Final Round and Reflections: “This House would save the bunnies”

In a brilliant amalgam of rhetoric and logic, both St. Olaf teams managed to make it to the final round! After lots of weird, ambiguous discussion, we decided we probably needed as  much judge feedback as possible early in the season, and so we debated (we had the option of not doing so).

Again, in the spirit of being sneaky debaters, I’m not going to really talk about how the round went specifically. However, I can attest to the things we’ve learned:

1. Judges want our plans to be more specific: Bethany Lutheran always tends to be really good about this. They include how the plan will be funded, which specific bureaus are responsible, etc. More often than not our plans tend to be one-liners, so we need to work on flushing them out. It’s not that we don’t know all of those details, we’ve just sorta let them slip by the wayside. Gotta get our “normal means” on.

2. Judges want our plans to be less specific: Confusing, I know, in relation to what I just said. Being an econ snob, I have the tendency to know some slightly obscure statistics off the top of my head. The rule in Parli is that you can’t cite sources, and so judges said that you can’t bring up stats like the ones I did since I don’t have sources. The question this poses for us is, “What’s the bright line?” If we can’t cite econ stats without sources, can we not bring up GDP growth? Unemployment? Federal debt? Similar problems come up when Raffi and Bayley run their technical foreign policy stuff. Definitely a long-term consideration for us.

3. Judges don’t like topicality. Ever. Seriously, unless you’re absolutely going to lose the other way, don’t do it. Every judge got pretty uppity about this on the ballot.

Overall, the tournament was a great experience for us. We got to get our name out there, get some really good rounds in, and all and all just had a great time! We can only hope this’ll be a signal of the season to come.

– Alex

P.S. Here’s some blurry photographic evidence of our success:

Debating? We’re pretty solid. Taking photos? Not so much.


Semi-finals: “Health-care costs are more threatening than the national debt”

Both St. Olaf EG and FT broke to semi-finals! The stage was set for a potential St. Olaf close-out.

Kevin and I were Gov while Bayley and Raffi ended up getting Opp. Strangely though, both rounds went almost the same way. Both sides decided to not run a plan and instead do a value debate and simply do a compare and contrast on how health-care costs affect the national debt. Basically, whether or not debt really affects people on an individual level, and how bad are health care costs in the US right now.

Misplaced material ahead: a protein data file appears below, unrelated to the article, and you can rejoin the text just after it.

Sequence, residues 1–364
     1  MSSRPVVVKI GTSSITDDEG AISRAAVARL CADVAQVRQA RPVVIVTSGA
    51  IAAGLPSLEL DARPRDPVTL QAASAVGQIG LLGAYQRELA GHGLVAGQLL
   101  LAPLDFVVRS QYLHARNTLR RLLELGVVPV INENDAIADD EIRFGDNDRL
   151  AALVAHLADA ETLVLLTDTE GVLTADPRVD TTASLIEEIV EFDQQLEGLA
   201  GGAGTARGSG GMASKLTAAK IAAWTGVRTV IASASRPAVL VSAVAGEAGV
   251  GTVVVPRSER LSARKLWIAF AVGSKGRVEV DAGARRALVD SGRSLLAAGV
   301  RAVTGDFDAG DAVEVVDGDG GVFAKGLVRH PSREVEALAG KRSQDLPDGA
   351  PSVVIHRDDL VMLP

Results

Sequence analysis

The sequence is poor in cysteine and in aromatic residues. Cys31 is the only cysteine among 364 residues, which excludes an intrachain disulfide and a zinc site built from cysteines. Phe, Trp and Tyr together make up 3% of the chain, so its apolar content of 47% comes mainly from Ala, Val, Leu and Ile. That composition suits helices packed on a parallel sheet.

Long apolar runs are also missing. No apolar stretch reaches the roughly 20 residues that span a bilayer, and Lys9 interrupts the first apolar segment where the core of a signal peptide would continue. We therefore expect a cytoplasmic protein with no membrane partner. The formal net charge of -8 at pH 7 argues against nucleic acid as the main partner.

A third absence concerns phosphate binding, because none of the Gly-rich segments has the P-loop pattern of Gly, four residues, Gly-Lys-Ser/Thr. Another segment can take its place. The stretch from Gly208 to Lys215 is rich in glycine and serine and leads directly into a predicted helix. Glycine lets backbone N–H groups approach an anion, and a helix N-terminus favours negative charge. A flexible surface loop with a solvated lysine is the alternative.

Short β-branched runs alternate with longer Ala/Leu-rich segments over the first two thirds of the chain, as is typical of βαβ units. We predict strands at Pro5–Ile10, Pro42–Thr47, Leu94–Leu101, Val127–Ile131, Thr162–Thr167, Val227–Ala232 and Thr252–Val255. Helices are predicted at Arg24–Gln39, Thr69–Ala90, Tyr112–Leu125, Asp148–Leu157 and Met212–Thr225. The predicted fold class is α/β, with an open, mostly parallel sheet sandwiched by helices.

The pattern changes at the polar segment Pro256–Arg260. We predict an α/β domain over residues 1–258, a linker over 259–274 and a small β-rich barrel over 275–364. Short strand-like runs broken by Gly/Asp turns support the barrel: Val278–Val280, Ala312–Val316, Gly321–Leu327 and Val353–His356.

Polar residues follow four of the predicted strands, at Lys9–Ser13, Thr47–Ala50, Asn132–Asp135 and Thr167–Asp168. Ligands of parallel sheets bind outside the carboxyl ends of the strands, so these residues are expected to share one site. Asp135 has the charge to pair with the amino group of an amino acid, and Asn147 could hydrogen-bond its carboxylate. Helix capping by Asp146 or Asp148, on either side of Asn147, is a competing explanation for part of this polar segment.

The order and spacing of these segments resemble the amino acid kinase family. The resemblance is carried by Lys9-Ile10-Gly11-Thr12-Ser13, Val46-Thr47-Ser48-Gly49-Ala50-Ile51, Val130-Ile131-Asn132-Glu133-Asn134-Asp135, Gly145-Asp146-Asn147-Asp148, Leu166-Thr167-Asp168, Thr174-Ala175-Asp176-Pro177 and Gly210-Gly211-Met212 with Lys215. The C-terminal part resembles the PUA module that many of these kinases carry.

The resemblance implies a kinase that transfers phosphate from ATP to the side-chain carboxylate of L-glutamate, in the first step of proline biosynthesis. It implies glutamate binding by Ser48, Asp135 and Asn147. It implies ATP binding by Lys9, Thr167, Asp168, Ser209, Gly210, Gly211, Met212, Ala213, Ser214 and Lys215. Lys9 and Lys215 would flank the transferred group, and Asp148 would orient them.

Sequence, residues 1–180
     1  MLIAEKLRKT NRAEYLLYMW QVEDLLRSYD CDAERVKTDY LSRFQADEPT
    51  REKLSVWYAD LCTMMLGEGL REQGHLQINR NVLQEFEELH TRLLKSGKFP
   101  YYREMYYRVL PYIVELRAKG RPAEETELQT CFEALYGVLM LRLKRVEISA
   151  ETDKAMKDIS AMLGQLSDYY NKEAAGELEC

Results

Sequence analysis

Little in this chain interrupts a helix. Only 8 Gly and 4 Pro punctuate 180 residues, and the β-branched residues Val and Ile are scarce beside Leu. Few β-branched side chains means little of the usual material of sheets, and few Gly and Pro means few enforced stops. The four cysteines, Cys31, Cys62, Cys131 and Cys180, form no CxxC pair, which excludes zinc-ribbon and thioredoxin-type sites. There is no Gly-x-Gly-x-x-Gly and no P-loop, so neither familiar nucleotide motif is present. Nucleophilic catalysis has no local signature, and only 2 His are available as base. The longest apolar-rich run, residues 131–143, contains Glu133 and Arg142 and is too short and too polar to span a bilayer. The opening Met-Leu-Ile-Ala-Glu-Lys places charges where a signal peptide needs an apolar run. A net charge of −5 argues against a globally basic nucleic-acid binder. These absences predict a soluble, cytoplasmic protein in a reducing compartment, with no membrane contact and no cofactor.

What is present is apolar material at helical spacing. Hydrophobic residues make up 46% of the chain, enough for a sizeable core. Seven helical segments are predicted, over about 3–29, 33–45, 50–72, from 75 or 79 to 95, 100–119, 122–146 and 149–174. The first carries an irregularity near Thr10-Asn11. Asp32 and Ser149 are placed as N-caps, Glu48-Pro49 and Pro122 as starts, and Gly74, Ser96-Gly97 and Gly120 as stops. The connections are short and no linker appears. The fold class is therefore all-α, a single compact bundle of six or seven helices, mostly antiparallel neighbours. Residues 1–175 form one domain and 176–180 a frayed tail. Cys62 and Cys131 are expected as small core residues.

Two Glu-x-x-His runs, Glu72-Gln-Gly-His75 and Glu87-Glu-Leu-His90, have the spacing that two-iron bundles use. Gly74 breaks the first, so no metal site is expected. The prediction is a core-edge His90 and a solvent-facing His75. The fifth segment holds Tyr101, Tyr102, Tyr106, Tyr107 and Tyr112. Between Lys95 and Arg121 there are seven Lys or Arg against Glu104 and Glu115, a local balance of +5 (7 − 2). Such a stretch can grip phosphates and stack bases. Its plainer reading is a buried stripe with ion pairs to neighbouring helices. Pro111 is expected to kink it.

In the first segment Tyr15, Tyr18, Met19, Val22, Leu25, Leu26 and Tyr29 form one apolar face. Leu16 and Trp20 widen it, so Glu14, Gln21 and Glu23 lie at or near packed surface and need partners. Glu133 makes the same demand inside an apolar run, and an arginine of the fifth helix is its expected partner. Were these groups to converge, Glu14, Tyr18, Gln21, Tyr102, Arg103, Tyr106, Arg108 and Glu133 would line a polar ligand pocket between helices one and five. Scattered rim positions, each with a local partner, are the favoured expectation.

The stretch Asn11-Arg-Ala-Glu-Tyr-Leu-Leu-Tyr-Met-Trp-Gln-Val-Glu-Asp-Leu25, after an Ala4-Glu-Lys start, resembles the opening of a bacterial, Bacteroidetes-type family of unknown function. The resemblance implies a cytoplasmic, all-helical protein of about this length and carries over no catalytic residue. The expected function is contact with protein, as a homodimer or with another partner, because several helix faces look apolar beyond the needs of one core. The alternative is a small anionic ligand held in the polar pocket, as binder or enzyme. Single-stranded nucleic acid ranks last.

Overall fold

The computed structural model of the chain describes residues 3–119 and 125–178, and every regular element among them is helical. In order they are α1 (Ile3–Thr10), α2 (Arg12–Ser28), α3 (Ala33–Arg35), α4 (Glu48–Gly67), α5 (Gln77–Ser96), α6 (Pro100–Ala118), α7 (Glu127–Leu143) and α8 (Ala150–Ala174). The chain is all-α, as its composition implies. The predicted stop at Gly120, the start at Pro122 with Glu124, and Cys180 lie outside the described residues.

We both hit some strong teams that are sure to continue to be contenders throughout the entire debate season. Having such close rounds on both ends provided some serious catharsis after what was a very long wait on hearing who broke. Needless to say, we were very excited.

– Alex

Round 3: “This House prefers debate over action”

This resolution. THIS RESOLUTION.

I’m not going to bother separating this one by people. We were both Opp, and in both rounds Gov said debate is diplomacy and action is military engagement. We all did a really sloppy job flowing the first speech and didn’t entirely know what was going on for the rest of the round. We both ran a topicality saying that diplomacy is action, so they should lose.

The only difference was that Bayley and Raffi had the round revolving around Syria, so there was some analysis specific to that. For us, the house was the “US population”, so in the 2nd negative speech I basically introduced a new framework saying that if the house is the US population, we only care about what people think, not what actually happens. Meaning regardless of the actual consequences, if people think attacking Iran makes us safer or going into Iraq and Afghanistan instills democracy, we win. Kinda sketchy, especially introducing it during the block.

None of us really know what happened.

– Alex

Round 2: “Put them to work”

Round 2 was the signature what-does-this-even-mean resolution, in this case “Put them to work”. Bayley and Raffi were Gov, Kevin and I were Opp.

Bayley and Raffi: They interpreted the resolution as investing in nuclear power, which broke down more or less into your standard nuclear power debate. Although apparently they said that Obama Jobs Bill money for alternative energy would be able to just be randomly reappropriated… to 25 nuclear power plants… 25. Umm, I don’t really know how to interpret that. I’m assuming that besides a scuffle over funding, the rest of the round was normal.

Kevin and Alex: Being Opp, we weren’t super sure on what to do with our prep time. We talked vaguely about strategic approachs (i.e. counterplans, who was more likely to make drops on the opponent teams, etc.). Gov ran the USFG should mandate 750 hours of community service for everyone between their 14th and 18th  birthday. They said it would cure young adult apathy, which would increase the overall effectiveness of volunteer organizations and leave young people more qualified for jobs application. We said 14 year olds doing Habitat humanity don’t help that much, if everyone has an equal amount of mandated service doesn’t do anything, kids would get stressed out and be bad at school, and then it’s a giant overreach of the federal government that sets a dangerous precedent. We both went back and forth, and some good points were made on both sides. Regardless of how the round went, I feel really good about my impact calculus in the rebuttal, so that’s a reward in itself.

– Alex